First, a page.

- Penn State put Ohio State in a huge hole early. The Buckeyes didn't stay there as quarterback J.T. Barrett put on a Heisman-worthy performance.
However Urban Meyer imagined his No. 6 Ohio State team would begin Saturday’s crucial matchup with No. 2 Penn State, it wasn’t what actually took place. Neither the Buckeyes offense or defense had taken the field before Nittany Lions star Saquon Barkley was brushing off a desperate tackle attempt from junior place kicker Sean Nuernberger and flying down the sideline, having knifed through shoddy special teams coverage to run back the opening kick 97 yards for a touchdown. A few minutes later, the Nittany Lions went up 14-0 after capitalizing on the short field created by a fumble with a 13-yard touchdown pass.
Those two scores turned the most highly anticipated game of this college football season so far into an imminent rout. Ohio State had blundered its way into a big early hole against a formidable foe with the talent and depth to keep it there. Penn State tacked on 14 more points before the half, but the Buckeyes rallied to win, 39-38, on the strength of a reputation-warping performance from veteran quarterback J.T. Barrett. In the process, Ohio State improved its record to 7-1, took out its biggest challenger in the Big Ten at home a year after losing to it on the road and asserted its status as the conference’s top College Football Playoff contender.
Nearly two months after coming under heavy scrutiny following an underwhelming showing in a 31-16 loss to Oklahoma in Columbus, Barrett brought his A-Game at an opportune moment, roasting Penn State’s defense to guide the Buckeyes back from a 15-point deficit midway through the third quarter. Barrett went 13-for-13 with three touchdowns in the fourth quarter as part of a streak of 16 consecutive completions. He finished with 318 yards and four scores on 33-of-39 passing, as well as 95 rushing yards on 17 carries. In what amounted to a firm rebuttal of the charge that Ohio State couldn’t win big games with him under center, Barrett upstaged Barkley and potentially catapulted himself to the front of the Heisman Trophy chase.
One controversial call seemed to cripple the Buckeyes’ comeback bid. Ohio State had scored on a two-yard touchdown run from Mike Weber Jr. to narrow the deficit to 11 with about five minutes remaining before the half, and a 36-yard field goal from Nuernberger early in the third quarter made it a one-score game. Penn State counterpunched a few minutes later, when junior quarterback Trace McSorley found junior wide receiver DeAndre Thompkins on a 37-yard touchdown pass. The play, which culminated with Thompkins and Ohio State defensive back Denzel Ward jostling for the ball on the end zone turf, was initially ruled an interception, but it was overturned upon review, putting the Nittany Lions up 35-20.
Barrett took over from there, and the Buckeyes’ defense deserves credit for keeping in check a Penn State offense that rung up 8.30 yards per play against a stout Michigan D a week ago. On Saturday, the Nittany Lions managed only 4.4 YPP, compared to 6.8 for Ohio State, and Barkley totaled only 44 rushing yards on 21 carries.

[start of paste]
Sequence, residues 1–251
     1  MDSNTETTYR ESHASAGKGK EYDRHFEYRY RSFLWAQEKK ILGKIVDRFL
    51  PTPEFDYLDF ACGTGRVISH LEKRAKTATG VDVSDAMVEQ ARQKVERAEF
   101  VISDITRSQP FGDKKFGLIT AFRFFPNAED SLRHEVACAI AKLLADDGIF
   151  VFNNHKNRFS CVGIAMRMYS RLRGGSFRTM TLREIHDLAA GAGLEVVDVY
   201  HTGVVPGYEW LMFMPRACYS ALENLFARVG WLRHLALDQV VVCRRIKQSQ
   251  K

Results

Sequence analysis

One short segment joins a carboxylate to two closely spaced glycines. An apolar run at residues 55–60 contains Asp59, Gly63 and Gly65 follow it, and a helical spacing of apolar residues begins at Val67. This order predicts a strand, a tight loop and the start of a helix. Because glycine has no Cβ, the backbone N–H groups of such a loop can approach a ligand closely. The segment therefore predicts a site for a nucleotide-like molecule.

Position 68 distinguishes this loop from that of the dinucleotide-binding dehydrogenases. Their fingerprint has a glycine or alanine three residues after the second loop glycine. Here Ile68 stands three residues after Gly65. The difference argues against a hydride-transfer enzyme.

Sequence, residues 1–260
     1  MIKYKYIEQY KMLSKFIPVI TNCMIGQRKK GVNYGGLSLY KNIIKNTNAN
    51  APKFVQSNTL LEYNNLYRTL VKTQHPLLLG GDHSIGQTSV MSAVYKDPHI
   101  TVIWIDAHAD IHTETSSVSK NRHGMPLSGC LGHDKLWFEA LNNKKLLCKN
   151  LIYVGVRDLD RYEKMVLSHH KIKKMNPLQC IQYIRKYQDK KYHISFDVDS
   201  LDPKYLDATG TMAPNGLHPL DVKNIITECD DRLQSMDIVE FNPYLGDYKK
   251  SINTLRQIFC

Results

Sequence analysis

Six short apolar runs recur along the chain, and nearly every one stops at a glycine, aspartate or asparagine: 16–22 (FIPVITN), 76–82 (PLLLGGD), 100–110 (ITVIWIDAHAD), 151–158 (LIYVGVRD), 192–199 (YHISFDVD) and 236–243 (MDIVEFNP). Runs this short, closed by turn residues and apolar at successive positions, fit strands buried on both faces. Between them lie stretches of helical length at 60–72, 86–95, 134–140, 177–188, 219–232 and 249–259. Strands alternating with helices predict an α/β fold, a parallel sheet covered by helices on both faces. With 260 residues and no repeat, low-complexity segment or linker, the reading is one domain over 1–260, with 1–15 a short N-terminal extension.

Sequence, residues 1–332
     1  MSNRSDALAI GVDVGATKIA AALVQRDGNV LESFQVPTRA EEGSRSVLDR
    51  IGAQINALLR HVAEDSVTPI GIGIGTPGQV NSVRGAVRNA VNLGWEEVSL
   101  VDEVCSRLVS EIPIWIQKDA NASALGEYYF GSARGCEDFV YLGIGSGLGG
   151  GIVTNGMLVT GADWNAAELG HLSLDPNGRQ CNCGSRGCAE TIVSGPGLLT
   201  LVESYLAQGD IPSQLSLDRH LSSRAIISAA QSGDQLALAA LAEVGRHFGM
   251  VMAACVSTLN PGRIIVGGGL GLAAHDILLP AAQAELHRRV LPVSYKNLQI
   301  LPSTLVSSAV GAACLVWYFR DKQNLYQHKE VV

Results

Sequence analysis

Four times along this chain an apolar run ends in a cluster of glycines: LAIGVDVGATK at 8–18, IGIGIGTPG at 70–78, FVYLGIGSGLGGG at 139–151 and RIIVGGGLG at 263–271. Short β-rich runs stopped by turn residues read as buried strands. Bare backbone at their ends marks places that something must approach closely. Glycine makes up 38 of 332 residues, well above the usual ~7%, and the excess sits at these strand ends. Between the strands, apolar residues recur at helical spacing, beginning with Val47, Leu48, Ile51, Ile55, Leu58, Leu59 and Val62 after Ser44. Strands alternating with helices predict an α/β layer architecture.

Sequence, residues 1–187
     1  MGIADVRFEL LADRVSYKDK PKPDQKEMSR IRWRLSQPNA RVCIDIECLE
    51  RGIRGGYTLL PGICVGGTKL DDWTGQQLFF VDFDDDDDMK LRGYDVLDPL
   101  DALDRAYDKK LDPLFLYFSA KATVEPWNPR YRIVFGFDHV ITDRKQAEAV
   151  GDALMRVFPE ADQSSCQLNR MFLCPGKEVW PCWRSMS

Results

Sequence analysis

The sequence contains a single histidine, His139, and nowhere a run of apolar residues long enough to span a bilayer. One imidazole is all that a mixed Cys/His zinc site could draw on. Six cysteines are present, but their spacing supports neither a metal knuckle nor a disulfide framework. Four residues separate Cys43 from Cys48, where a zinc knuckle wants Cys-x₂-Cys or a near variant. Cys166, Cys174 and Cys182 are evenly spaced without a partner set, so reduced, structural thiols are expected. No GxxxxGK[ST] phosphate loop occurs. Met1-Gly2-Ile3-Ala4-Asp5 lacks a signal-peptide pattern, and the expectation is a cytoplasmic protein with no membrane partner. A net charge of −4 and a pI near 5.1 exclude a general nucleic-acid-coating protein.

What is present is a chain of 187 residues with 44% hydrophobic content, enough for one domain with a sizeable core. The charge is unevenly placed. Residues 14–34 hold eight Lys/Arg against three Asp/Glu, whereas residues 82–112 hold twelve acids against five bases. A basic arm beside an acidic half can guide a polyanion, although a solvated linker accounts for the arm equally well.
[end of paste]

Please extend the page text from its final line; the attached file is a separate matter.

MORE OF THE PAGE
This game offered the Buckeyes an opportunity to avenge a 24-21 upset in State College last season. They bounced back from that loss to make the playoff, but entering Saturday it was clear that another defeat to the Nittany Lions would incinerate their chances of getting to the Final Four again. Unlike last season, when it notched a double-digit win at Oklahoma in mid-September, Ohio State dropped its only non-conference tilt of consequence, a rematch with the Sooners in Columbus. Since then, the Buckeyes had coasted against weak competition while rising up the polls. Had it fallen short on Saturday, Ohio State wouldn’t have been anywhere near the top four when the selection committee put out its first set of rankings on Tuesday.
Now it has a legitimate case for being placed in that range. Ohio State has lost only once, to a top-five opponent (Oklahoma), and it has downed its chief conference competitor. In all likelihood, a league championship is a prerequisite for the Big Ten’s CFP representative, and the Buckeyes now have the inside track on getting to Indianapolis out of the East. Remaining trips to Iowa and Michigan present challenges, the latter in particular, but before this weekend Football Study Hall gave Ohio State an 89% and 85% chance to win those games, respectively. Their win probabilities in intervening home bouts against Michigan State and Illinois are 87% and 99%.
This will go down as one of the most valuable wins any team records this season. Ohio State fought back to knock off an offensive juggernaut powered by maybe the best player in the sport and quash any doubt about its status as a real-deal national title contender.